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64133 : Real Estate Advice

  • All19
  • Local Info1
  • Home Buying8
  • Home Selling2
  • Market Conditions0

Activity 18
Fri Oct 6, 2017
Andy inzerillo asked:
0 votes 0 Answers Share Flag
Sat Jul 1, 2017
Steve Bracero answered:
Look into a FHA loan. 3.5% downpayment for owner occupant.
0 votes 2 answers Share Flag
Fri May 27, 2016
Davidslash61 asked:
Wed Jan 20, 2016
MCM_STL answered:
Do you have a buyer's agent? This is something people buying new construction tend to overlook. A buyer's agent helps you negotiate and has access to data to substantiate a lower offer price - assuming that the builder's price isn't already market appropriate. They can also have experience to be able to point out ways to save money like opting for the cheapest possible light fixtures. Those are something many buyers can change out themselves later for far less than the builder would have charged. ... more
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Thu Jan 8, 2015
Larry Hackett answered:
It probably won't help. Homeowners may not like the added traffic. You might check and see if it's a legally zoned home business.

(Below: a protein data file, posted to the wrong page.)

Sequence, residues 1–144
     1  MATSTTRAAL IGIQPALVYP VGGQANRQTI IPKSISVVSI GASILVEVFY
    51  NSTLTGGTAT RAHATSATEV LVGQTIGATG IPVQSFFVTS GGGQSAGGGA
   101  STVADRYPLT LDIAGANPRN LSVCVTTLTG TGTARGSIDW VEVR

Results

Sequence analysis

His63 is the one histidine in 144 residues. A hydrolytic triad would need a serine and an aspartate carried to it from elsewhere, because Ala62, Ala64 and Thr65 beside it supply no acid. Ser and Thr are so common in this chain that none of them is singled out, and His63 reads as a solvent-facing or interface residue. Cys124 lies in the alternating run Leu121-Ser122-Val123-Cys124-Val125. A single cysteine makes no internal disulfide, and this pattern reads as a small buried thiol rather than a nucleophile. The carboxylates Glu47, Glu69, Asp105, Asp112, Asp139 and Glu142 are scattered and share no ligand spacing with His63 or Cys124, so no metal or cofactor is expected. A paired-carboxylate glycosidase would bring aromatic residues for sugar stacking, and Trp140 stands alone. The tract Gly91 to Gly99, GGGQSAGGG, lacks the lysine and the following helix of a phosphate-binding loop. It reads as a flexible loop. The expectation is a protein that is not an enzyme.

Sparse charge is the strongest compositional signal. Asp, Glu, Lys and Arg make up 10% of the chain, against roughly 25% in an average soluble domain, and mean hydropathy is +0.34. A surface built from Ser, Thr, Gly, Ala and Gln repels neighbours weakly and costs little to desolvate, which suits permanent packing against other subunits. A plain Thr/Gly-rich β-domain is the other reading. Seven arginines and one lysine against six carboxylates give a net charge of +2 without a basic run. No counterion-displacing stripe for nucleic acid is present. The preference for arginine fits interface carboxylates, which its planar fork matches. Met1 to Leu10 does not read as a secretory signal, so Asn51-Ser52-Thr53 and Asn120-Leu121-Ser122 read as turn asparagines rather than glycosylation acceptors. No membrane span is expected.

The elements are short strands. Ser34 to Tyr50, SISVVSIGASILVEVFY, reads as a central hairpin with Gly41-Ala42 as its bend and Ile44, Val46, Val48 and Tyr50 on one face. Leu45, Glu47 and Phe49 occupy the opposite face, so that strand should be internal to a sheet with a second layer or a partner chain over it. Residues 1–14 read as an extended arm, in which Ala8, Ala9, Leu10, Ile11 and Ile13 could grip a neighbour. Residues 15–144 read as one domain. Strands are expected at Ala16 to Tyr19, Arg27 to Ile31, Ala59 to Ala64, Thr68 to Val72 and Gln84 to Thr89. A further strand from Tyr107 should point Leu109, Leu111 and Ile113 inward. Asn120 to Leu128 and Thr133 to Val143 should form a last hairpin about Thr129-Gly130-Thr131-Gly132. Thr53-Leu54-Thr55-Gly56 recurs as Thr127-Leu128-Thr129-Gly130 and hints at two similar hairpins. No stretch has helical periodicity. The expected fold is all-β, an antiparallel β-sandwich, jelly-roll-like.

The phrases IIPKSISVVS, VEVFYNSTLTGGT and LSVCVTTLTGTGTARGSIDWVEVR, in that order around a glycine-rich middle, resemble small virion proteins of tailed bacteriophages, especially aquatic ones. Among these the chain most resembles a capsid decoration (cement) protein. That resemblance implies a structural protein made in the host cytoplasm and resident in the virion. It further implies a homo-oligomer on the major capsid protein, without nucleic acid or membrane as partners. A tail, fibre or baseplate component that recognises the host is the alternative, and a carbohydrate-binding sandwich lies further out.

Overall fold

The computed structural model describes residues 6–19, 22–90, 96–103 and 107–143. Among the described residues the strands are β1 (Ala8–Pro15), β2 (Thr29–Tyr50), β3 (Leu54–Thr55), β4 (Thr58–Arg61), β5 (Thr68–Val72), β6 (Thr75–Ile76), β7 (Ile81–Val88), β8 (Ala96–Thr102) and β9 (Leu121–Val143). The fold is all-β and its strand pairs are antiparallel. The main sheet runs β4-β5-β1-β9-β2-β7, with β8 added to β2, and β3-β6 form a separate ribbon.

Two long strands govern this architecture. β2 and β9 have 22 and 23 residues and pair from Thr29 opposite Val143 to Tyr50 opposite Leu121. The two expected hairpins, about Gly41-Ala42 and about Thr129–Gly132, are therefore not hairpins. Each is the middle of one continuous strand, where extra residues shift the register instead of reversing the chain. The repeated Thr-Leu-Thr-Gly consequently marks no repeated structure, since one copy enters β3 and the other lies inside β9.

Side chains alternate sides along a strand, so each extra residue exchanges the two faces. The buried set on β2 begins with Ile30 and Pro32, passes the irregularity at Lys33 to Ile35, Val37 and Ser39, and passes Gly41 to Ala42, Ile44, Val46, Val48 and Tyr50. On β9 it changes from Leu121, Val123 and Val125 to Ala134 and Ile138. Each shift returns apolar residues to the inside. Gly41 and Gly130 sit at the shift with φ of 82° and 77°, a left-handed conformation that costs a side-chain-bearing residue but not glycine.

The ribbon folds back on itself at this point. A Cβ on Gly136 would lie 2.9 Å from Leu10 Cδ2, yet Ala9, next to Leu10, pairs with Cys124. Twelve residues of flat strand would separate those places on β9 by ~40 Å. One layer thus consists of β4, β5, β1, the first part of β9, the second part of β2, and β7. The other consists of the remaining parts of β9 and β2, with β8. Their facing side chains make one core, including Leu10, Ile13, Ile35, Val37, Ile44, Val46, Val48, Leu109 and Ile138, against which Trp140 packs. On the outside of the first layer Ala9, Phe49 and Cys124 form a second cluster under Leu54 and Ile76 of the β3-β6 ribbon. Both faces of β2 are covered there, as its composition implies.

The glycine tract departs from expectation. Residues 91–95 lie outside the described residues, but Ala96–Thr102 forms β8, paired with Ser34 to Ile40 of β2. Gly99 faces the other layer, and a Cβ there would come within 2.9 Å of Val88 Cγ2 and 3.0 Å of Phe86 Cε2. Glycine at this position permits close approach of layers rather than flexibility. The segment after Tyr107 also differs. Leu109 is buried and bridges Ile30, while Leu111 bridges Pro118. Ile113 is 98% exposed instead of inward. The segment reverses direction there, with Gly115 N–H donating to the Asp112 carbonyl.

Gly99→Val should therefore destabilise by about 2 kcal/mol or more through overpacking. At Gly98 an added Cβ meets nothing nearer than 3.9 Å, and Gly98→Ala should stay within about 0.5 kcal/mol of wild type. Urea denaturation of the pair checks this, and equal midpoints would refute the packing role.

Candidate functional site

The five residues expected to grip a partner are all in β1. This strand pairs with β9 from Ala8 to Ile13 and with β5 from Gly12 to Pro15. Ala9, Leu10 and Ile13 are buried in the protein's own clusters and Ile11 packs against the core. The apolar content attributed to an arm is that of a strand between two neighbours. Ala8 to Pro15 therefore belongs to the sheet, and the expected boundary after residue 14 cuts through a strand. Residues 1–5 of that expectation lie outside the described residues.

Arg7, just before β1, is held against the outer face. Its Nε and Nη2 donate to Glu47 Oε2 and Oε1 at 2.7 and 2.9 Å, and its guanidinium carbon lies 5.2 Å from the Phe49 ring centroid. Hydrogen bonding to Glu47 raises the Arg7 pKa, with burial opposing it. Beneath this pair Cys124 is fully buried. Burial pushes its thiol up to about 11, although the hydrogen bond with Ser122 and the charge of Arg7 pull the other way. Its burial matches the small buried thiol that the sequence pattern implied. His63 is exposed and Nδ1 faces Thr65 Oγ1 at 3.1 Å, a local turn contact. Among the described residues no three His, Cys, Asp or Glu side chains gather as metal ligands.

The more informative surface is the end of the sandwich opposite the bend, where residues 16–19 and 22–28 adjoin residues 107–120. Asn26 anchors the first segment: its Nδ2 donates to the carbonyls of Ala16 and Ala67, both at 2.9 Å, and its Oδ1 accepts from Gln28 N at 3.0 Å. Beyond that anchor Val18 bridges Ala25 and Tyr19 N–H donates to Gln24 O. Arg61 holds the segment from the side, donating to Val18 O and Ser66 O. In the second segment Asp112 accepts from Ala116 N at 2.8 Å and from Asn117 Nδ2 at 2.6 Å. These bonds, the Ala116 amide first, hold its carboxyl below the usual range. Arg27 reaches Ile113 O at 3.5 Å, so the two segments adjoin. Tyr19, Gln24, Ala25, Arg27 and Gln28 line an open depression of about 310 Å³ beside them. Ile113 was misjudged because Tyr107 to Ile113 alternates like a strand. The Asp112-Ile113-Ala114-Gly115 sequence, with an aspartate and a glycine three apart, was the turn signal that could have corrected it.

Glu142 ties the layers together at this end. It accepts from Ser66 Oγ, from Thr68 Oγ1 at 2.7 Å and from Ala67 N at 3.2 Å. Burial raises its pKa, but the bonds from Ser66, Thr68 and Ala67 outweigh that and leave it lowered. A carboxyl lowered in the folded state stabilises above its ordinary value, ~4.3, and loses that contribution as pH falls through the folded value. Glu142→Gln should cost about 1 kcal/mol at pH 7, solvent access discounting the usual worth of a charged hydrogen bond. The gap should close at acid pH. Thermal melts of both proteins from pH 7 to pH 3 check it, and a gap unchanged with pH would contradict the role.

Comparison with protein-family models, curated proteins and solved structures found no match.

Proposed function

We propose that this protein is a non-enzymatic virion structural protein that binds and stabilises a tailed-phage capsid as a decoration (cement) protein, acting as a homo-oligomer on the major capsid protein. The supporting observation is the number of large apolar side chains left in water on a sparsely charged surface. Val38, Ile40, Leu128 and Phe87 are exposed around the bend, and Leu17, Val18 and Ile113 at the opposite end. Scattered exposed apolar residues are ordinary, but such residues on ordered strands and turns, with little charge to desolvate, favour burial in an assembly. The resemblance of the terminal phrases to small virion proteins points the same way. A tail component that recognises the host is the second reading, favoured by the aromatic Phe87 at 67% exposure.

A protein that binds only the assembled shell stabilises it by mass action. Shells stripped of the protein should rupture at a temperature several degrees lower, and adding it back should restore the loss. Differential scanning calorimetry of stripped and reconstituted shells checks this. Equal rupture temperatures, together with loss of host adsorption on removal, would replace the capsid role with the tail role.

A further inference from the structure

0 votes 5 answers Share Flag
Mon Mar 31, 2014
Tione Carter answered:
Hi Monica,

I work with alot of different programs,that will help you rebuild your credit so you can purchase a home regardless of your credit score!

Feel free to call me directly at 816-268-3938. You can also email me at
I hope I can be an assistance to you!

... more
0 votes 6 answers Share Flag
Sat Dec 28, 2013
Maria Morton answered:
Monica, grant and low interest loans that fund those programs are gone for 2013. Contact me in 2014 if you're interested. Funding is distributed quarterly and often goes quickly so, if you're planning to buy, you'll want to plan around those time lines. ... more